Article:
It's the end of the year so let's see how hedge funds

<p>Have been doing...</p>

<p>After all...hedge fund managers get to take advantage of carried interest....getting paid on paper profits, pay lobbyists so they can trade on inside information, etc...</p>

<p>Hmmm...not so good...</p>

<p>Tough</a> Markets: Punishing Hedge Funds Since 2003 - MarketBeat - WSJ</p>

<p>"Money invested in hedge funds since 2003 would have generated a return of 18% through November, according to data compiled by Hedge Fund Research. That puts it far behind the Standard & Poor’s 500-stock index, which has generated returns of 29% over that same period, once dividends are factored in, according to Simon Lack of SL Advisors. The hedge fund underperformance is even starker when placed next to a small basket of investment grade corporate bonds, as measured by the Dow Jones Corporate Bond Index. That benchmark has gained 77% since 2003."</p>

<p>I am of the opinion, a lot of Hedgie success is right time,right place....Guys like Paulsen who made a bundle shorting the real estate/mortgage debacle, have looked foolish on bets this year...funny thing is Corzine's losing bet on european debt has shown to be a decent bet,but too late for him....Nobody beats Mr Market for any significant time periods..problem with hedge funds such as Paulsens,is that they are successful,which draws in more money to be invested,and history has shown large hedge funds are not as nimble as smaller ones, hence tough to be as successful</p>

<p>"Entering the home stretch for 2011, a couple of things are readily apparent about hedge fund performance. One of them is the old adage that while form may be temporary, class is permanent. During a year when most portfolio managers will lose money and the HFRX Global Hedge Fund Index will end down about 8%, a number of the leading hedge fund brands have produced the best performing strategies. "</p>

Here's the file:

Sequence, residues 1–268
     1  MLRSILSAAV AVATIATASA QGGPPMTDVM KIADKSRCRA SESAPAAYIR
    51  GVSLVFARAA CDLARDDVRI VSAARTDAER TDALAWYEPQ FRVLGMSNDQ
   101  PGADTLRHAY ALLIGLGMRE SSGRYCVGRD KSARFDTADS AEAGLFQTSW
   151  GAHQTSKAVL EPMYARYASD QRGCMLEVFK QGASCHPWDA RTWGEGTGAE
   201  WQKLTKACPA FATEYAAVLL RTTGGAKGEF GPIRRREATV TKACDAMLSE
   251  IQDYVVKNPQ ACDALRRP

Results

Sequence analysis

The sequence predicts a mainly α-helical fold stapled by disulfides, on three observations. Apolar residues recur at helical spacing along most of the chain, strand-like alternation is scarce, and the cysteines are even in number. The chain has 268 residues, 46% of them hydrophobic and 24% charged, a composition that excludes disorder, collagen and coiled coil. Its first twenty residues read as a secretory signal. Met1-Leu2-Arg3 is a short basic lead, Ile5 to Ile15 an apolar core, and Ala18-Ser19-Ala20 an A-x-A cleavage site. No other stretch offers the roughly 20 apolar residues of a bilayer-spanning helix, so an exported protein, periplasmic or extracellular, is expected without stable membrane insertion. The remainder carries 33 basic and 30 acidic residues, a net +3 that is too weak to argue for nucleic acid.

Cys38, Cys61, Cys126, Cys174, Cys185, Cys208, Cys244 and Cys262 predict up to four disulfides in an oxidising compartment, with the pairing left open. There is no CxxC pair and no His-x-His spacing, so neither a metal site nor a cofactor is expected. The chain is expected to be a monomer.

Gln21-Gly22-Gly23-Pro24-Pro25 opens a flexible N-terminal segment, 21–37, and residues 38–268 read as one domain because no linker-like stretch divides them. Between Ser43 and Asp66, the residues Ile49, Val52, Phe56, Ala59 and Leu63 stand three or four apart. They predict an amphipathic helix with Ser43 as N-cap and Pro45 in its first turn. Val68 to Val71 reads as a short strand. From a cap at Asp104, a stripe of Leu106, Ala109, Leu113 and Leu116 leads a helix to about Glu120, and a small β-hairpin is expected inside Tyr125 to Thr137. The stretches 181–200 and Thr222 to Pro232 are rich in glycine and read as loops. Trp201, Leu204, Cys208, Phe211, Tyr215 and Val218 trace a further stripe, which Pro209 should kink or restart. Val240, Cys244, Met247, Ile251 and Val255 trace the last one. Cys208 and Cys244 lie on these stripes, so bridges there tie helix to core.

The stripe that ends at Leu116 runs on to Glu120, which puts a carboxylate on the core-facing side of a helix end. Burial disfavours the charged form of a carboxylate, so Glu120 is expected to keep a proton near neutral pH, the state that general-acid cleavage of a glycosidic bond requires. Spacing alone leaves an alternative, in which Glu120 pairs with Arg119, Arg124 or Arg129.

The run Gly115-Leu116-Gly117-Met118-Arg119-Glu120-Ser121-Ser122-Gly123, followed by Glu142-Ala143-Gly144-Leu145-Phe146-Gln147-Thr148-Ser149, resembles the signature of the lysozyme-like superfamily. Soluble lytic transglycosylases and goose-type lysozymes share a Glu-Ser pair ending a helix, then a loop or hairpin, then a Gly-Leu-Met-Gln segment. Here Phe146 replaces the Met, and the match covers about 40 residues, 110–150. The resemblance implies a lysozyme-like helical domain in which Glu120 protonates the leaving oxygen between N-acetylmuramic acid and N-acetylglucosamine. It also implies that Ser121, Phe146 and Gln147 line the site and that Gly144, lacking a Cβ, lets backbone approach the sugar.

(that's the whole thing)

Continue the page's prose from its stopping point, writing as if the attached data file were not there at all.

<p>As usual - Simons is the outlier</p>

<p>Yeah.....Simons ;).</p>

<p>Timing is crucial....</p>

<p>smartest guy in the room</p>

<p>Probably....</p>

<p>"Jim Simons' Medallion Fund is the best hedge fund we have come across. The fund's returns are so spectacular that Jim Simons became one of the richest people on the planet. Medallion Fund employs high-frequency trading and exploits inefficiencies in the stock market. One strategy they use takes advantage of the inefficiencies in the execution of large transactions.</p>

<p>One of their algorithms determines whether a very large order is executed and front-runs it. As a result Medallion experiences high transaction costs and high expenses. That's why they charge a 5% fixed
fee. On top of that they charge a performance fee. That fee had been 20%, but after 2000 it was increased initially to 36% and then to 44%."</p>

<p>These algorithms are under attack but so far...Simons is winning...</p>

<p>Just one example...</p>

<p><a href="http://www.tradersmagazine.com/news/knight-high-frequency-109499-1.html%5B/url%5D"&gt;http://www.tradersmagazine.com/news/knight-high-frequency-109499-1.html&lt;/a&gt;&lt;/p>

<p>for a guy who has mathematical theorems with his name on it and a bunch of physicists (the smartest group of people around) and mathematicians, he's done pretty well!</p>

<p>There are a few geniuses that manage to consistently and significantly outperform the market over long periods, but most of these money manager characters aren't nearly as smart or skilled as they think they are. </p>

<p>Some got lucky with timing once and then let it go to their head setting up for a massive crash. </p>

<p>The number of money managers that can consistently outperform standard indices or the mega mutual funds is tiny. Heck quite a few can't even outperform monkeys trained to throw darts at the stock page of the newspaper...</p>

<p>Past performance is no guarantee of future results...</p>